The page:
Friday, December 13, 2013

Why are philosophers interested in qualia?

To: Anna H.
From: Geoffrey Klempner
Subject: Why are philosophers interested in qualia?
Date: 4th April 2011 13:10

Dear Anna,

Thank you for your email of 22 March, with your fourth essay for the Philosophy of Mind program, in response to the question, 'Define a 'quale' giving some examples of qualia. What is the philosophical interest in the notion of a quale?'

This is a very good essay which shows a vivid appreciation of the philosophical question concerning the nature of subjective experience, which the notion of a quale is intended to answer. Are qualia real or are they mere figments of the imagination? From either alternative, consequences follow.

If qualia are real, then it follows that no-one can know what another person's experience is 'like'. As you state, 'Qualia are therefore totally private, individual experiences: idiosyncratic. My quale of red and my quale of sweet are distinguishable and distinct from anyone else's red or sweet quale.' In other words, I don't know what 'red' or 'sweet' are like for you. Maybe my 'red' is your 'blue' and my 'sweet' is your 'salty'.

But as you go on to observe, 'If we can further affirm that a quale can become inverted or that a supposedly same quale can be of a different nature at different times, does this make a quale more of a figment of the imagination?' In other words, we can repeat what I said in the previous paragraph about 'I' and 'you' substituting 'I at time time1' and 'I at time time2'. My qualia could keep changing from moment to moment, and I would never know the difference.

Rebounding from this, the alternative view would be that qualia are merely figments of the imagination. But now we need to say more. One might be tempted to say that, because qualia are mere figments of the imagination, there really are no such things as the experience of red or sweet. If that is the case, if there really isn't anything that is 'red' or 'sweet', then most of the things that we normally say about our experience are false. In fact, one could go further and infer that if there isn't anything that is 'red' or 'sweet' then it is false that we have 'experience'! Which seems an absurd conclusion.

So what is it to experience 'red' or 'sweet'? We have the scientific account: red objects are those objects whose surface reflects a particular wavelength or range of wavelengths of light which interact with the 'cones' in the retina responsible for the experience we call 'red'. Sweet substances are those substances whose chemical properties are such that, when dissolved in saliva, they excite the taste buds responsible for recognizing a food as 'sweet'. Wavelengths of light, chemical properties, retinal cones, taste buds are all physical entities. The world is a physical world. There is nothing red or sweet in the physical world. These are just terms that we erroneously use, as if they named something real, when in reality they do not.

That's a possible philosophical position with respect to the mind-body problem. The technical term is eliminative materialism. This is an example of what philosophers term an 'error theory'. Mental properties are 'eliminated' in favour of physical properties. One of the things that the error theory is required to explain, however, is why we make this error. It is necessary that we (falsely) believe that we have 'experiences', that there are things that are 'red' or 'sweet', in order for there to be language and communication. The existence of 'qualia' is a necessary illusion.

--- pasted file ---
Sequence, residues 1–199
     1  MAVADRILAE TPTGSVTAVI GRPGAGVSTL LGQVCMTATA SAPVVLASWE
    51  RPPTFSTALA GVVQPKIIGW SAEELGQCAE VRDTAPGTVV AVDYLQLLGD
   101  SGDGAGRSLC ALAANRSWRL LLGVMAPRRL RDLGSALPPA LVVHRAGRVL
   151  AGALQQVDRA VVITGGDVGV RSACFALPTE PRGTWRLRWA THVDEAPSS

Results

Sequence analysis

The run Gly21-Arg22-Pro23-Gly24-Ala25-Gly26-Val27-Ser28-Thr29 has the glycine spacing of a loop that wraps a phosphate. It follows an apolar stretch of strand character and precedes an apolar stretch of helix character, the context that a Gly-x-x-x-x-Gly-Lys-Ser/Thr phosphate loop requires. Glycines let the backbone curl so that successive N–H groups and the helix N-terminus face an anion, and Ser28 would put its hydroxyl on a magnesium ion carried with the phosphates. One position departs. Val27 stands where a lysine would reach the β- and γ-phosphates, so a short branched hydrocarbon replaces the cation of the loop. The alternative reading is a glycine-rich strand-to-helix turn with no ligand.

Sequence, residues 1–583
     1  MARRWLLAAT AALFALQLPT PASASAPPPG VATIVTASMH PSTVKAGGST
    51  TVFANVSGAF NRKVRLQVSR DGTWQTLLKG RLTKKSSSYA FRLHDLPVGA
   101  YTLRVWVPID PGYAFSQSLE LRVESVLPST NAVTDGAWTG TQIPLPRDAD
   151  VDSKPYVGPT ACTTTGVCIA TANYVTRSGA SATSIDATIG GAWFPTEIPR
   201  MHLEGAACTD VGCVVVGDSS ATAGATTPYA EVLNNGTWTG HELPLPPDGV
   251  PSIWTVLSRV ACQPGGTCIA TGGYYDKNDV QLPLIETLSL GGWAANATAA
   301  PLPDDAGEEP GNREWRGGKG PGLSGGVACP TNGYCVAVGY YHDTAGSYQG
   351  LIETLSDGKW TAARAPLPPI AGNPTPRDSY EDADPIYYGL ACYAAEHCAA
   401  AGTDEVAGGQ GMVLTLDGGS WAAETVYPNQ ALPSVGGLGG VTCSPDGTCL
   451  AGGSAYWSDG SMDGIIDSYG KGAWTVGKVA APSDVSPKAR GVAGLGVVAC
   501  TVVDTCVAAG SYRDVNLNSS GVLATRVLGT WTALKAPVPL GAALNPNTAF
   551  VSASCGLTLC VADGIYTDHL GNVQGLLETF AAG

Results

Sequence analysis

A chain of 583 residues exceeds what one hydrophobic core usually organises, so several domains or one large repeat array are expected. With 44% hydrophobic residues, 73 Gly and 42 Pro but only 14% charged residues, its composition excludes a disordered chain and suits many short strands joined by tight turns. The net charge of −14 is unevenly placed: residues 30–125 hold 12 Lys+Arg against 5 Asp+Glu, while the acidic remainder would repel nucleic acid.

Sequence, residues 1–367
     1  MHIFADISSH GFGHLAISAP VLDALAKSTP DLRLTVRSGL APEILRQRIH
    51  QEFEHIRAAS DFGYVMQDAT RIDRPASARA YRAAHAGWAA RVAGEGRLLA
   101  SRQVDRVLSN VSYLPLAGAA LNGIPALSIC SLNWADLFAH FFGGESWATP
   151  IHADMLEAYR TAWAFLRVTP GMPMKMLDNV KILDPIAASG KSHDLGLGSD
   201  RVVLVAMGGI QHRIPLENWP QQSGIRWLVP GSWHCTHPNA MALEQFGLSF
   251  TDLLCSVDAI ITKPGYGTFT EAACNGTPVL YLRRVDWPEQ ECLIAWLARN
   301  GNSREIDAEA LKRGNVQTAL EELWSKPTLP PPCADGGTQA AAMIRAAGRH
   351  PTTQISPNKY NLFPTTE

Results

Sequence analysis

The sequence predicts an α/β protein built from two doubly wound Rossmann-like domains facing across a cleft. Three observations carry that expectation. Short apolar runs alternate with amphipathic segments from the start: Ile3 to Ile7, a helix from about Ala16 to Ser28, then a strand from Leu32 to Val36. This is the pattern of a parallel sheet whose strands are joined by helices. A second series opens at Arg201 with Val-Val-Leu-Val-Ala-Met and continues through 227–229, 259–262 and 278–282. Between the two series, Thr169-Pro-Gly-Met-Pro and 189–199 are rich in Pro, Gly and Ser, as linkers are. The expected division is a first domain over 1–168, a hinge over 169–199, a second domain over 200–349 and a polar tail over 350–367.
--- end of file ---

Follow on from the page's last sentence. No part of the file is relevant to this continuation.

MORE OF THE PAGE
However, I don't agree that that's the only available choice for someone who rejects qualia. In the program, I take a less extreme line. I would define 'red' as follows. An object is red if and only if observers who are not colour blind viewing the object under normal light conditions agree in calling the object 'red'. A substance is sweet if and only if competent tasters tasting the substance under normal conditions agree in calling the substance 'sweet'. According to these definitions, it is true that some objects are red and that some substances are sweet.

The subtle point about these definitions is that there is no assumption about the physical story behind our experiences of red or sweet. In a possible world created by a benign deity, where there were no underlying physical explanations (because God does all the work), there would still be red roses and sweet chocolate. There would, however, be no way to do science (as we know it), because there would be nothing 'underneath' our familiar experience of the world for science to uncover. But there would still be truths about experience.

I have argued this point with philosophers who take a different line. They would say that in the world I have described, there cannot be any truths about experience. There has to be an underlying physical story, in terms of the microstructural properties of physical objects. Whereas in my story, all that is necessary is that there be intelligent, living beings who move, speak and behave as we move, speak and behave. I don't have a knock-out argument in favour of my view, but I also don't see that the alternative view can be proven either.

All the best,

Geoffrey